TRAVEL
August 18, 2013 | Marshall S. Berdan
As anyone who has been to Ecuador's Galapagos knows, a trip to those islands is the journey of a lifetime. But with per-person prices that can start at $3,000, it might have to be a trip of the next lifetime. Fortunately for Galapagos-aspirers like me, my wife and our twin 12-year-old daughters, there are the Ballestas Islands, which are known as the Poor Man's Galapagos. The Ballestas lie just 10 miles off the southern coast of Peru and are easily accessible by boat from Paracas, a small, sun-drenched working port and tourist center.
NEWS
August 10, 2003 | Drew Benson, Associated Press Writer
Viewed from atop a rocky hill beside this remote hamlet, the worn earthen mounds and canals of an ancient farming system that once fed an empire stretch out to the horizon. The method faded out of use a millennium ago. But it has been brought back to life by Indian communities on the plains around Lake Titicaca as a way to protect crops against drought, floods and even frost damage.
TRAVEL
November 26, 2000 | MIKE McINTYRE
I first heard the name Lake Titicaca in my sixth-grade geography class. Once the snickering stopped, most of us thought it would be a cool place to visit. After 32 years, I went to see for myself. It wasn't hard to find. Andrea and I hopped a northbound bus in La Paz, and three hours later we stood on the shore of the lake that legend claims gave birth to the Incas and the sun. Straddling the border of Bolivia and Peru at 12,500 feet, it's one of the highest navigable lakes in the world.
NEWS
February 16, 1997 | LYNN F. MONAHAN, ASSOCIATED PRESS
Boatman Jorge Chacra cuts his engine and grasps a long pole to push his way through the thick, bright green layer of weed floating on Puno Bay. Just off shore on Lake Titicaca, the lawn-like carpet of tiny aquatic plants looks deceptively natural against the blue sky. Chacra, who earns his living taking tourists to the famous floating reed islands, doesn't want the tangled green mass clogging the engine.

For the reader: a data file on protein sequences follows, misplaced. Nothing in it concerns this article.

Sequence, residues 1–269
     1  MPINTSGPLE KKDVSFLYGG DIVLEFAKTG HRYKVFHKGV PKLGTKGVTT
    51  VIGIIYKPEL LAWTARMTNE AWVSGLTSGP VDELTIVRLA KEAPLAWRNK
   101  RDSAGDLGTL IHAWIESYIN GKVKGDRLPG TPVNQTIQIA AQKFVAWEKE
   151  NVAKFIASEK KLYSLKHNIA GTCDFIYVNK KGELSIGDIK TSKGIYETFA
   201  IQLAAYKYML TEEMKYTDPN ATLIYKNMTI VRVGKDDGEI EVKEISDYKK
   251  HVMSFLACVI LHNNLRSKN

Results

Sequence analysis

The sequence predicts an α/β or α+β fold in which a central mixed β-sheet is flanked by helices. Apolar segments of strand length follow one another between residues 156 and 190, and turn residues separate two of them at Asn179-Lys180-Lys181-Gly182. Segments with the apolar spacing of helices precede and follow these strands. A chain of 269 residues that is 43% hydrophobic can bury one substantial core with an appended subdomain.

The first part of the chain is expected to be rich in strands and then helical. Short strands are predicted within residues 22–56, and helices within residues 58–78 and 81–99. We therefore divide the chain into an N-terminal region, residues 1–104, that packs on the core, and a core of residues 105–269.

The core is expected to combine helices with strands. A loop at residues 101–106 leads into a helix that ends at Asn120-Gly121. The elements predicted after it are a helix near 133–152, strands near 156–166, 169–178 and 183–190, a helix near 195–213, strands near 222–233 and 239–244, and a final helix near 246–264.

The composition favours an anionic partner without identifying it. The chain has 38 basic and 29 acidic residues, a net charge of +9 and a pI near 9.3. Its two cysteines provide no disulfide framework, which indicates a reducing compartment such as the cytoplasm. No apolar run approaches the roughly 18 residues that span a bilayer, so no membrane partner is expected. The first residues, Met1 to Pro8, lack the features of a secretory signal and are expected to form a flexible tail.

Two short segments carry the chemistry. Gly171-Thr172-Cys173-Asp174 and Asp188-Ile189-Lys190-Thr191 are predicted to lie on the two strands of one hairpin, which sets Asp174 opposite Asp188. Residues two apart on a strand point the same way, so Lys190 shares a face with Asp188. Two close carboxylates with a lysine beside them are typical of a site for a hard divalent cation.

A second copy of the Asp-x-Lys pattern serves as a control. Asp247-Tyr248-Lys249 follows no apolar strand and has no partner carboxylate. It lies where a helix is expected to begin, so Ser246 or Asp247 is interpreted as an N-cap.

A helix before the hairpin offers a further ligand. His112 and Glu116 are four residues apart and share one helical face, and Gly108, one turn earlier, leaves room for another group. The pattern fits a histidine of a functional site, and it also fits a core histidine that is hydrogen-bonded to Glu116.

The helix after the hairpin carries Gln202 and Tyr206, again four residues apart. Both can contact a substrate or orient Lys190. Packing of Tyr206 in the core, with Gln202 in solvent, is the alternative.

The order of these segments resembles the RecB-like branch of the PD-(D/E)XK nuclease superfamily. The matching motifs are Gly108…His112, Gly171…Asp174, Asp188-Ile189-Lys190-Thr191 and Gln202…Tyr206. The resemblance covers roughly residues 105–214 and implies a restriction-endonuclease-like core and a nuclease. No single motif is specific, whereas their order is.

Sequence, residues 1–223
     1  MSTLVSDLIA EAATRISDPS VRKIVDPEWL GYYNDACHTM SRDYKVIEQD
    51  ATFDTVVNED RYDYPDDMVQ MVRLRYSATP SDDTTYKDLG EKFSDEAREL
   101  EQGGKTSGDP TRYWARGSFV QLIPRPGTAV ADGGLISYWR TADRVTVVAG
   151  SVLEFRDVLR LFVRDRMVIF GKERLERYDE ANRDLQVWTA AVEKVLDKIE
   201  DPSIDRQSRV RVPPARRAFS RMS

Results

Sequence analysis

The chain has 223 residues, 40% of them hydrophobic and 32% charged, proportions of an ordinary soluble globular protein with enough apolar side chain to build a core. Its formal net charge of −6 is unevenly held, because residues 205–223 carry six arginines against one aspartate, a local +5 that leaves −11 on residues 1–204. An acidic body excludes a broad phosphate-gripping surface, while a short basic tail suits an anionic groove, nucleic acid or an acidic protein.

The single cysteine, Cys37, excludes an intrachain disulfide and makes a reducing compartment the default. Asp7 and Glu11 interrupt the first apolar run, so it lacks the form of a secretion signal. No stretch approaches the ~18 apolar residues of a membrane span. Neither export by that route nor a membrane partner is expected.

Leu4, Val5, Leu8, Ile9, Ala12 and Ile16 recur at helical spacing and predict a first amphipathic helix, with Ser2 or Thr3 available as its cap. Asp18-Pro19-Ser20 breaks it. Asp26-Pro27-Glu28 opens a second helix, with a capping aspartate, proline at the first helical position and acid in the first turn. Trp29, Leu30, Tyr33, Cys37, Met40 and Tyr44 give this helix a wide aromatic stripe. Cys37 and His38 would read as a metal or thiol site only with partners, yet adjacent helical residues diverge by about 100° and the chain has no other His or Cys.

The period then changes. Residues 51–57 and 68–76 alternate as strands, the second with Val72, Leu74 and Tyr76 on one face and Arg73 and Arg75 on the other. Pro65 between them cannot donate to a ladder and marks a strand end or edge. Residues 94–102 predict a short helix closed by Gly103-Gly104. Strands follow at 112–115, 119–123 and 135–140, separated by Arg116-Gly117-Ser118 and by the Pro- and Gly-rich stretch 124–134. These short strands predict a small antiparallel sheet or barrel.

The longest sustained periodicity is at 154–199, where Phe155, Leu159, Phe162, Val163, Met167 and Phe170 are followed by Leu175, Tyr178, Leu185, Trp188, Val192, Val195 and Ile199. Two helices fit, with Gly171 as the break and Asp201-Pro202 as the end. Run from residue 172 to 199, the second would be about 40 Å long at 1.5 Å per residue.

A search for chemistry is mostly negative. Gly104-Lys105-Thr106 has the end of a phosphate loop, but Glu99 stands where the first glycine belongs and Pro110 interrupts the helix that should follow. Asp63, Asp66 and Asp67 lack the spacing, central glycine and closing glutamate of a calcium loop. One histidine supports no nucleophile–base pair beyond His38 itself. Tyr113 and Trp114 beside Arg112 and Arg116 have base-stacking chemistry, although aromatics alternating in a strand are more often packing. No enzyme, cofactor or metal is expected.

SPORTS
July 1, 1992 | RICH ROBERTS, TIMES STAFF WRITER
The world's highest navigable lake lies 12,507 feet high in the Andes on the border between Bolivia and Peru, 110 miles long and 45 miles wide. The Incas named it Titicaca--"the mountain cat and the rock" in their Quechua language--because, according to NASA satellite photos and active imaginations, the shape of the lake resembles a big cat playing with a rock. But how did they know that?
SPORTS
May 27, 1992 | From Staff and Wire Reports
Lynne Cox, 35, of Los Alamitos completed another in her series of cold-water goodwill swims by crossing a narrow arm of Lake Titicaca--at 12,507 feet the world's highest lake--from Copacabana, Bolivia, to Pomato, Peru. Water temperature was 58 degrees. She completed the 10-mile swim in 3 hours 48 minutes.
NEWS
August 10, 2003 | Drew Benson, Associated Press Writer
Viewed from atop a rocky hill beside this remote hamlet, the worn earthen mounds and canals of an ancient farming system that once fed an empire stretch out to the horizon. The method faded out of use a millennium ago. But it has been brought back to life by Indian communities on the plains around Lake Titicaca as a way to protect crops against drought, floods and even frost damage.
NEWS
May 18, 1986 | SARAH GRAHAM, Associated Press
The land where Anton Marcos Ticon raised livestock and grew potatoes, barley and other grains is no longer to be seen. "It's all under water," he said. He pointed toward the place where his home was flushed away by torrential rains and floods that began in January and still rage in an abnormally heavy rainy season around Lake Titicaca, which at 12,000 feet up in the Andes is the world's highest lake. "We lived there back to my great-grandfather's generation. Now you can't see anything."